Tom Keane’s “Why I Believe Better Times Are Coming” article (Perspective, January 24) was intelligent, realistic, and positive. Yes, there is light at the end of the tunnel, gold at the end of the rainbow, and all that good stuff. His words, “The pandemic has been with us for so long it now feels almost routine, like an unwelcome visitor who becomes a permanent squatter. But that visitor will leave,” truly resonated with me. Having a mind-set of responsibility, discipline, and delayed gratification has helped keep me sane (thus far!).
Thanks for the ray of sunshine poking through the clouds during these trying times.
As a teacher, Keane’s proclamation that lockdowns have “effectively deprived children of a year of education (Zoom is a poor substitute)” hurt. While Zoom is not ideal, learning — and a lot of it — is still happening! To renounce teachers’ work as a complete failure for the sake of adding to the list of our country’s woes seemed unnecessary.
In Sarah Carr’s article (“The Reading Wrecking Ball of COVID-19,” January 24), I was struck by professor Nathan Jones’s comment: “[W]e haven’t seen the kinds of reorienting and creative thinking necessary to meet the needs of the moment.” As a speech-language pathologist, I think that if you dig a little deeper, you will find many educators who went above and beyond. Shortly after school closure, another speech-language pathologist formed a Facebook Group called Green Screen Speech Therapy. It now has 29,000 members, who answer each other’s questions, help solve technology problems, and cheer each other on. At the ripe old age of almost 66, I had a steep learning curve in the first month following the school closure. I also have enjoyed stretching my skills, thinking outside the box, and being creative in new ways. Whether working remotely or 6 feet apart, many educators took this pandemic by the horns and made it all work.
Gabrielle C. Prosnitz
This inspired me to volunteer to help young, challenged readers. It was heart-breaking to hear Daniel say he felt the missed instruction is “like a ticking time bomb.” My heart goes out to concerned mothers especially. This is something we all need to be aware of — and do something about!
Sign of the Times
Is Anonymous serious in asking whether etiquette permits suggesting to a neighbor that “it might be time for the [Trump 2020 banner] to go away?” (Miss Conduct, January 24). I despise Trump and everything he stands for, but I am dismayed that anyone might think it proper to ask a fellow American to remove a banner supporting the candidate of his or her choice.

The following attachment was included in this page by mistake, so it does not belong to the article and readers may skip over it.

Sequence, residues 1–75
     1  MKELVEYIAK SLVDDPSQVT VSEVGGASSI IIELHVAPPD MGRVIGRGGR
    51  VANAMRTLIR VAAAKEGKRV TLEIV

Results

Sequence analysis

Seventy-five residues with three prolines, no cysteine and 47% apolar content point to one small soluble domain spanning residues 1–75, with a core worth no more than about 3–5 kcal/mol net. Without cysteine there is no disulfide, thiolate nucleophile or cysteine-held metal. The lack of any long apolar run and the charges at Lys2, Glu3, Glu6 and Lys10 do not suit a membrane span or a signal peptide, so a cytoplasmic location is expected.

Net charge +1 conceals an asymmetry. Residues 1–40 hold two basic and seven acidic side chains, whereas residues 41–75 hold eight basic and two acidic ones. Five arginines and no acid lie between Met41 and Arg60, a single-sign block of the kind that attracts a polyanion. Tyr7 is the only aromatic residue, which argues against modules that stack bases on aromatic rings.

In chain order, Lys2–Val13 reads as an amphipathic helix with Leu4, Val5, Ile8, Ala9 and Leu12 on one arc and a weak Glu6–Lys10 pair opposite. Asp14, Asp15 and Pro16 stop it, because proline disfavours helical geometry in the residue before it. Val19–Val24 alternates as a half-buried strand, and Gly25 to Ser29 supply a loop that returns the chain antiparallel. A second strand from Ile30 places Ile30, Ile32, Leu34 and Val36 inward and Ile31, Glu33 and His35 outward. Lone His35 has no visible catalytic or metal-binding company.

Felicia Nimue Ackerman
Half of the country supported Trump, not for his personality, but for his policies and accomplishments he achieved in office. For Miss Conduct to say that “it’s a favor when people show who they are so clearly” should be offensive to all.
I disagree with Miss Conduct’s advice to Anonymous about her banner-loving neighbor. I am a fierce anti-Trumper but, if we don’t even attempt to talk to people who feel otherwise, our divisions will just multiply. Assuming no previous issues with said neighbor, this could instead be a learning opportunity.
Finding a bone marrow match from a donor is difficult, even with a worldwide search. Mateo Goldman, 12, found not just one but two bone marrow donors to aid his recovery from leukemia (“Mateo’s Gifts,” December 27). As Mateo’s health improves, his mother, Mandy Goldman, continues to raise awareness about the need for donors. As a result of the Globe Magazine story by Linda Matchan, plus a recent interview with her and Mandy Goldman on NPR’s Here & Now and WBUR’s All Things Considered, 440 new donors registered with Be The Match, the national bone marrow registry. “We know that on average, 1 in 430 people who register will go on to donate and save a life,” saysspokesperson Erica Sevilla. “Based on the response, one patient’s life will be saved as a result of these efforts. That is what it takes to save a life.” To inquire about donating bone marrow, visit join.bethematch.org/theglobe.
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